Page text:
Treatment of AKI
Supportive management includes optimizing hemodynamic and volume management and discontinuation of nephrotoxic medications. The indications and timing of dialysis initiation remains the same for COVID-19 patients as for other AKI patients. Additional therapies undergoing active investigation that are not limited to renal disease include antiviral and anti-inflammatory therapy, such as remdesivir, lopinavir-ritonavir, and tocilizumab. The efficacy and safety of these drugs have not been reported. Although there is no evidence to support acute nephrotixicty with these drugs, some renal adverse effects have been reported. Protease inhibitors should be used cautiously in kidney transplant recipients as they can increase the blood levels of immunosuppressive medications (including the calcineurin inhibitor tacrolimus), which can worsen AKI. Chloroquine and hydroxychloroquine have been rarely associated with renal podocytopathy mimicking Fabry disease. Adalimumab, a monoclonal antibody against tissue necrosis factor alpha, is associated with autoimmune glomerulonephritis. Bacterial superinfection necessitates initiation of antibacterial therapy, which may also have nephrotoxic effects.
Continuous kidney replacement therapy is the preferred modality of dialysis in patients with hypotension. Theoretically, convective forms of kidney replacement therapy (hemofiltration) have been suggested to improve the removal of cytokines, but they have not been proven to have better outcomes than diffusive forms (hemodialysis). There is an increased risk of clotting of hemodialysis filters due to cytokine-induced hypercoagulability, so clinicians should attempt to anticoagulate all patients that are on dialysis if there is no contraindication. Hemoperfusion filters, designed to remove bacteria and viruses from the blood, are being studied in trials in COVID-19 patients in Germany and Italy. Additionally, extracorporeal membrane oxygenation (ECMO) may help improve kidney oxygenation and reduce the risk of medullary hypoxia and both kidney replacement therapy and extracorporeal membrane oxygenation have been used in conjunction with one another.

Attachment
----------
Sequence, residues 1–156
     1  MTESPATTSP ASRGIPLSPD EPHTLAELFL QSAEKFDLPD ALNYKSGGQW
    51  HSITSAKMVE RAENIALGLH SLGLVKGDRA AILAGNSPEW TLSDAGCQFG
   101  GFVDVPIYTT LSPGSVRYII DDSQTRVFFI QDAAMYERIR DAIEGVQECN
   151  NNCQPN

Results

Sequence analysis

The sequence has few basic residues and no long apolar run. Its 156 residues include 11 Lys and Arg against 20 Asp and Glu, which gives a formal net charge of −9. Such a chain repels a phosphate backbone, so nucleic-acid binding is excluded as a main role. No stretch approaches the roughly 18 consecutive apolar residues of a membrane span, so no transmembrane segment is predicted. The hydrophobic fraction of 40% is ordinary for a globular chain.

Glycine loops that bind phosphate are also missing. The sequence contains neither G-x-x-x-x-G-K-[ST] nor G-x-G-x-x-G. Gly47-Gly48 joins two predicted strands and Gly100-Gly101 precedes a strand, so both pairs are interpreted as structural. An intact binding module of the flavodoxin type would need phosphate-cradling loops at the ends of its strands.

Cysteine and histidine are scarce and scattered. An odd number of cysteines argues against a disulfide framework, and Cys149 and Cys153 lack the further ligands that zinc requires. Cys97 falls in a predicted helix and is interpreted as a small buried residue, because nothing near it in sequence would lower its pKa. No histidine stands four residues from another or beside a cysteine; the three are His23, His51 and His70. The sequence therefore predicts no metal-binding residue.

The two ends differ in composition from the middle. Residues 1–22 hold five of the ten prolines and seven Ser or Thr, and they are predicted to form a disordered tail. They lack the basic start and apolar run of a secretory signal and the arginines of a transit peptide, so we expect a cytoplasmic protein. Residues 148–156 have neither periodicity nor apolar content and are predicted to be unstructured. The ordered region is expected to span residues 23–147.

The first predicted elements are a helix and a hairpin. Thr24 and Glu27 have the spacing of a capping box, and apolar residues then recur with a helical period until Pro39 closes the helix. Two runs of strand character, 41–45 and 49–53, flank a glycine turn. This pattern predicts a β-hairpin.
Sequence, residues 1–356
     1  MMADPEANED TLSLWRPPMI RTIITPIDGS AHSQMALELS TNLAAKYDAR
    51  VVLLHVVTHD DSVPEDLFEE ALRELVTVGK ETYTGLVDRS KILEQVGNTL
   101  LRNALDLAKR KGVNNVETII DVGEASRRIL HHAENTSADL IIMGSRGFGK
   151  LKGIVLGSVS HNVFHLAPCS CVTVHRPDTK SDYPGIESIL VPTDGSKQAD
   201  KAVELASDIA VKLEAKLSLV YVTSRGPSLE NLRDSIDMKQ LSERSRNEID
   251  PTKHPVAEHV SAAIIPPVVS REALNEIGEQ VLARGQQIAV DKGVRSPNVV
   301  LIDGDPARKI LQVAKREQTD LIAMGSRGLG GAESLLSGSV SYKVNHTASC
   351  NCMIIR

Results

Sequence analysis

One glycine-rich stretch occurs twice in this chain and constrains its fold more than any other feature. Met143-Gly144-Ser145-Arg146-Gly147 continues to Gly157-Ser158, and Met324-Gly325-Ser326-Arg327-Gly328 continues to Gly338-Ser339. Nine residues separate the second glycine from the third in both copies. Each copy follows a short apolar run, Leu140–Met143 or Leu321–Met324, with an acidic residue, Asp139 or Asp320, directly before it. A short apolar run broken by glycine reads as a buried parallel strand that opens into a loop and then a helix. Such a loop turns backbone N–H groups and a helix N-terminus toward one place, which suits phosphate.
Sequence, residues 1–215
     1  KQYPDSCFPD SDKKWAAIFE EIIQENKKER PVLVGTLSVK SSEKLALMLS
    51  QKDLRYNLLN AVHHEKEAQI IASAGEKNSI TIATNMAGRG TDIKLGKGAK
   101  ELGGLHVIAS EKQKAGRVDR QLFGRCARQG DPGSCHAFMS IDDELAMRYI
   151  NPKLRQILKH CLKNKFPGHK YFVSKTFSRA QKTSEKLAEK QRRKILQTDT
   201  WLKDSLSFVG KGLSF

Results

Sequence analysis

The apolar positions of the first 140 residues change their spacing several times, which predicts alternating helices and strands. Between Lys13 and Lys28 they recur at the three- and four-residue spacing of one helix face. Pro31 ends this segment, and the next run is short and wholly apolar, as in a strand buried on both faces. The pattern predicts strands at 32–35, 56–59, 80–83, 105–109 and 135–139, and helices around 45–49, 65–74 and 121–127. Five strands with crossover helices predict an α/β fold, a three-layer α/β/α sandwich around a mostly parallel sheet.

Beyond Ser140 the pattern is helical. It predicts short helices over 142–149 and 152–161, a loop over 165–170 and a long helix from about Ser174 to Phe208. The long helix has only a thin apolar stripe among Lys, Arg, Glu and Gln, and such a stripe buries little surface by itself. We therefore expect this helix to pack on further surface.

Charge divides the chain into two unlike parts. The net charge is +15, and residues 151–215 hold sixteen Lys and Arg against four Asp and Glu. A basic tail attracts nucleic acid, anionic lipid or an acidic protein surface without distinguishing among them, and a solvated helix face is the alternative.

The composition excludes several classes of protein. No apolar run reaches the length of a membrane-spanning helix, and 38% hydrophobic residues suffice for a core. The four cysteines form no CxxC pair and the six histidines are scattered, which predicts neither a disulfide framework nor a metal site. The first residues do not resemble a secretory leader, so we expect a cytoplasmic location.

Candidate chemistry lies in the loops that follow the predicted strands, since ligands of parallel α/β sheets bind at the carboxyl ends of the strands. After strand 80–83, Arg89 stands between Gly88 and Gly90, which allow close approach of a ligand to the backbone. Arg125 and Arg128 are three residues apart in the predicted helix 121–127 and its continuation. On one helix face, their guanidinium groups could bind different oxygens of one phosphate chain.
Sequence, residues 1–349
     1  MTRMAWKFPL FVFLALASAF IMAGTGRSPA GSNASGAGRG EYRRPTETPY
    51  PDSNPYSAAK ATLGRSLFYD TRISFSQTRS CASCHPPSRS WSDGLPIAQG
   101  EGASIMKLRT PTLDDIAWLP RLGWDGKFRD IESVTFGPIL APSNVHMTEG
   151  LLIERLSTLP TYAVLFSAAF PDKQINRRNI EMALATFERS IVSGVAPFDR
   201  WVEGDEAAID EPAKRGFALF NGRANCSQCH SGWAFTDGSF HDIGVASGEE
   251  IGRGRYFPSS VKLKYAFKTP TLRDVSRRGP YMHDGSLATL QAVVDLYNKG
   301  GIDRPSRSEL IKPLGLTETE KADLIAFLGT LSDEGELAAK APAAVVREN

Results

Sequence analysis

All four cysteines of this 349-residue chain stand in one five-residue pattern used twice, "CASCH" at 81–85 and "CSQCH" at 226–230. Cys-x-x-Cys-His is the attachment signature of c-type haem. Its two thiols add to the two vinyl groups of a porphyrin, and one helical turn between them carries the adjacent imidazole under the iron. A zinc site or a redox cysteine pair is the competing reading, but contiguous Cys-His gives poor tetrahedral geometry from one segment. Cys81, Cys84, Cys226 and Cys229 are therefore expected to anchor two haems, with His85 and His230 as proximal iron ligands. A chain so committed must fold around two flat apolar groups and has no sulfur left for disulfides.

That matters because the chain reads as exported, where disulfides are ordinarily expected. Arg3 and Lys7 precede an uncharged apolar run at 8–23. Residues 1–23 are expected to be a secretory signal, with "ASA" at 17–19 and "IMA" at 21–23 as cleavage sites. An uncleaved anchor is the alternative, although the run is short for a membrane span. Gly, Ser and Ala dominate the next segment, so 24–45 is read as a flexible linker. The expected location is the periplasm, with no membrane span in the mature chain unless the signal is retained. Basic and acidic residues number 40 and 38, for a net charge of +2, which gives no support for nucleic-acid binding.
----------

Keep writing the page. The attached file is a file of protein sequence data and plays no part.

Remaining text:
Due to the high rate of AKI requiring kidney replacement therapy in critically ill patients, a careful daily assessment of available resources is needed: a dialysis dashboard to track equipment, supplies, personnel, and patients should be implemented. Strategies to limit frequent patient contact include extension tubing that allows dialysis machines to be placed outside the patient rooms and the use of bedside video monitors. Due to disruptions in the supply chain, healthcare systems may experience difficulty with the availability of supplies including dialysis filters, tubing, and premade replacement fluid. Some institutions have switched from hemofiltration to hemodialysis and are producing dialysis solutions in-house.16 The Cleveland Clinic now has an online resource, which is a step-by-step tutorial for in-house dialysis fluid production. Others have suggested urgent-start peritoneal dialysis for patients with AKI when resources are limited.
Patients with COVID-19 have an increased risk of AKI and death. The etiologies of AKI are multifactorial, and data from larger case series are needed. Management of AKI is supportive, and extracorporeal therapies may be required in critically ill patients. Healthcare systems should closely track dialysis resources, and best-care practices should be shared to optimize care in settings of limited resources.